Setting Practical Conservation Goals: A Case Study With Birds In The Andes
If we had infinite resources to use in support of conservation goals, setting priorities wouldn’t be a necessity. Unfortunately, that is simply not the reality of most conservation efforts. To make decisions and compromises, researchers, policy-makers, and advocates need to assess how various species are impacted. This involves understanding which species are at-risk or crucial to ecosystems, and then optimally selecting sites that cover and protect the greatest proportion of species. According to this article, however, the data that informs such methods is “often unhelpful” and is too often based on grids, ecoregions, or even country boundaries that are largely arbitrary. In a place like Colombia, which is part of the Tropical Andes and holds 18% of the world’s bird species, conservation is a crucial practice.
This study set out to evaluate how to set conservation priorities “that might lead to direct conservation actions in Colombia,” with a special focus on practical outcomes for birds. First, the authors considered how recent surveys had expanded the currently known bird distributions. Although birds have been well-studied in Colombia, a history of political violence has made biological exploration challenging. Second, the authors created “realistic” species ranges, compared priority areas to existing range maps, and used all of this info to “show how to reconnect forest fragments.”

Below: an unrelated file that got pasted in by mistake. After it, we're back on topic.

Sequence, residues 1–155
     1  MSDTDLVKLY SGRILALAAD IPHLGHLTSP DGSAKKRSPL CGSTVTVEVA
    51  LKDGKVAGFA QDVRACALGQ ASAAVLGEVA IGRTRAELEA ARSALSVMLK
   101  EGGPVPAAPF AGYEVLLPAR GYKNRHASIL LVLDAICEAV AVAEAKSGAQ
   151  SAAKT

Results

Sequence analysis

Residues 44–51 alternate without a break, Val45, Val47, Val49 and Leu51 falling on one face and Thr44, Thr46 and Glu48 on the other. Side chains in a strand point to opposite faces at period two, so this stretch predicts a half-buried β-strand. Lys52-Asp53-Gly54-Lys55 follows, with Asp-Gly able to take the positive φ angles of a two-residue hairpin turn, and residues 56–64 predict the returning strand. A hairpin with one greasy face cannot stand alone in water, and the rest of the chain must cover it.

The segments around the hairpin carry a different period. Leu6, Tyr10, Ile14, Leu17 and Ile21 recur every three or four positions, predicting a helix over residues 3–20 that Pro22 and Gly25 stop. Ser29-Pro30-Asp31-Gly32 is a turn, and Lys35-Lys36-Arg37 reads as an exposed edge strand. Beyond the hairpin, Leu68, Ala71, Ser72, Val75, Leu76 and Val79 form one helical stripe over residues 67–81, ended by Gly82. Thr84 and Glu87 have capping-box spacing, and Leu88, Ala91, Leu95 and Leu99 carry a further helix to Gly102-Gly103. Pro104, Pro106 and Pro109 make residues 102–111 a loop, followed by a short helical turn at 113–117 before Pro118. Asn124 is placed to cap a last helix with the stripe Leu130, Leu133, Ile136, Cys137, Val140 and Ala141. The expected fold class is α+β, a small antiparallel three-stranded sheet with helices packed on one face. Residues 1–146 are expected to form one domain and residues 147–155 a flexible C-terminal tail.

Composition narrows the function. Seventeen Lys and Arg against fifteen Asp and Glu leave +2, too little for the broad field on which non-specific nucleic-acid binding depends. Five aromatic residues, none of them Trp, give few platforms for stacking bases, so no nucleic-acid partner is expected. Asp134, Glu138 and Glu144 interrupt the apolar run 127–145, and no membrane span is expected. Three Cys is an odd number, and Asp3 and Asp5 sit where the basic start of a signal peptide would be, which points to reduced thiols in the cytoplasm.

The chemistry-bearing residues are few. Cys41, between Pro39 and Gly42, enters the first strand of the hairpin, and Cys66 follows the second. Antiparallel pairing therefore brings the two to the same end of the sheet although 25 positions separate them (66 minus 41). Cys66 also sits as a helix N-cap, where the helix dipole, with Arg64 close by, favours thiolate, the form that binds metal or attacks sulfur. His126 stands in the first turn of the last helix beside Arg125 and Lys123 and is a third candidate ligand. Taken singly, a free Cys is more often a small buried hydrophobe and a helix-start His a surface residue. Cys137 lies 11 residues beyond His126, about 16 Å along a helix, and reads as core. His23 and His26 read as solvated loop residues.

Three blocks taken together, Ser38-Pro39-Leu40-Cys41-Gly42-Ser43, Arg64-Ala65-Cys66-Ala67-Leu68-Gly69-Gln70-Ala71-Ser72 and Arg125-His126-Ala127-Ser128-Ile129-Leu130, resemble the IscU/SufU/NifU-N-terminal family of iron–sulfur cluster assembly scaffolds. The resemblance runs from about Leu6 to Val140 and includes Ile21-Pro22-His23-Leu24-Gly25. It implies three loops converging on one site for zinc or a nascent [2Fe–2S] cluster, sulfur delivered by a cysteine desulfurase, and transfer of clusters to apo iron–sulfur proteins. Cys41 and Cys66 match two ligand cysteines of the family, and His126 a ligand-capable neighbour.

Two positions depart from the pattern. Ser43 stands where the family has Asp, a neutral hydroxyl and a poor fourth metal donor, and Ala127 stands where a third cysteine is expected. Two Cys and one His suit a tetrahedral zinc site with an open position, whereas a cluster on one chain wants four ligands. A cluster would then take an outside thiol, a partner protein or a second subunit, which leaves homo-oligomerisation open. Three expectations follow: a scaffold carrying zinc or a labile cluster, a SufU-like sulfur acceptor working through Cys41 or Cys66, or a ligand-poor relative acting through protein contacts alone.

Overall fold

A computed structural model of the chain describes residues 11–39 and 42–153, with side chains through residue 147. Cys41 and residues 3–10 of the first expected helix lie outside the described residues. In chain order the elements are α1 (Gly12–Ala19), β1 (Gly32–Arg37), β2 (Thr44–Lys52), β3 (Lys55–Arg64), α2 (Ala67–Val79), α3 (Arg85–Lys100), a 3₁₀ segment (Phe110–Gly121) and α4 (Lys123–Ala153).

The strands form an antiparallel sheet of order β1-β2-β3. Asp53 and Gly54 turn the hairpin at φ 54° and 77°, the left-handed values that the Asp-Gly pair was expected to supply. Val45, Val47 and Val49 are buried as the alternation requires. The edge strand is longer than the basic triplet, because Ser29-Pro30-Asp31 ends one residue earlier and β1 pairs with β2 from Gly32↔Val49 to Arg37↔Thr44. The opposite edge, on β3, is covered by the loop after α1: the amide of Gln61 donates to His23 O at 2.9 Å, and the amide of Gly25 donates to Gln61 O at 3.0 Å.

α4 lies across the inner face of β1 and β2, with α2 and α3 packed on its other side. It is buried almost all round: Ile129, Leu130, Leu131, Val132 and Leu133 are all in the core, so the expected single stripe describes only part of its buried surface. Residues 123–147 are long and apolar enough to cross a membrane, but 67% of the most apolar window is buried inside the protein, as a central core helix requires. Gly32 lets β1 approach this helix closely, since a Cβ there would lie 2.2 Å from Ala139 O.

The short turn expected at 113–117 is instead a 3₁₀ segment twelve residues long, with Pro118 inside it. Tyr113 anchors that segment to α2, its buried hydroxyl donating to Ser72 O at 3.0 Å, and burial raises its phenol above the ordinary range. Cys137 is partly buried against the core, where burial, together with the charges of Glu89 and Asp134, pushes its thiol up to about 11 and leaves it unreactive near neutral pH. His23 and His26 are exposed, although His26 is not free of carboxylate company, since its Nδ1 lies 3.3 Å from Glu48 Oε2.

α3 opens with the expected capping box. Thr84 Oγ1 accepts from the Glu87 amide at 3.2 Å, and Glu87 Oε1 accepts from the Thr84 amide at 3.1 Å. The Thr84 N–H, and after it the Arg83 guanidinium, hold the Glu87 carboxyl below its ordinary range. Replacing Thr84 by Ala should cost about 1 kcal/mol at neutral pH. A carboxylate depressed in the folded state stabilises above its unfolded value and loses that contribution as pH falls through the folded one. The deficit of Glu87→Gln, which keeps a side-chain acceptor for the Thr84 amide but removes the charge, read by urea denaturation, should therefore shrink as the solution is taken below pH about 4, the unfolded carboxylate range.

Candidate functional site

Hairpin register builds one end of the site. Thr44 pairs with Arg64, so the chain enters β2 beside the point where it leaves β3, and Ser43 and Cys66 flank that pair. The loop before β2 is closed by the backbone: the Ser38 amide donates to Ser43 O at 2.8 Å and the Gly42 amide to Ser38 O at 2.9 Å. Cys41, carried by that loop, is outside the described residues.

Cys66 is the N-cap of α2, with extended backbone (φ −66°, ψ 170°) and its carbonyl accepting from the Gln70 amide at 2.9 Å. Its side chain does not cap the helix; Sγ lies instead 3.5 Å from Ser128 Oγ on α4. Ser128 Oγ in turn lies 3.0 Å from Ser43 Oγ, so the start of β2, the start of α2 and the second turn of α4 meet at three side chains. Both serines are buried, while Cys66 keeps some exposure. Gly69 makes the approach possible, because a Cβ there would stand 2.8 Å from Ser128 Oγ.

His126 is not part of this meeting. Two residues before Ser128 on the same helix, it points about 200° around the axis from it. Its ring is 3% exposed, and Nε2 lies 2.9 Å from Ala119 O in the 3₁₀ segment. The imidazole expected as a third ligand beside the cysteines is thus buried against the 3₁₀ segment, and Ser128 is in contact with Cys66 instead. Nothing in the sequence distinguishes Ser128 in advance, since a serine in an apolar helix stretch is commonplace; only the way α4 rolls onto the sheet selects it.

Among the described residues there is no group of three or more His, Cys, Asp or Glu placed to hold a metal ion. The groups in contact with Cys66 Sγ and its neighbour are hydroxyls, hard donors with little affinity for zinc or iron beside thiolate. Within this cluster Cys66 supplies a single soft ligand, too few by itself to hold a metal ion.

Using this approach, the authors came away with four practical recommendations that could be implemented by governments and conservationists. 1) down-scale regional or international conservation priorities that actually allow meaningful action; 2) Demarcate existing conservation ranges by elevation and remaining habitat, which is “extremely important in making tactical recommendations for land protection;” 3) Regularly update conservation priorities as knowledge of species’ ranges improves; 4) Complement national protected areas with “smaller, strategically positioned private reserves.”
While the researchers here make these recommendations specifically in the context of Colombian birds, it is easy to see how they could also be guiding principles for conservation priorities more generally.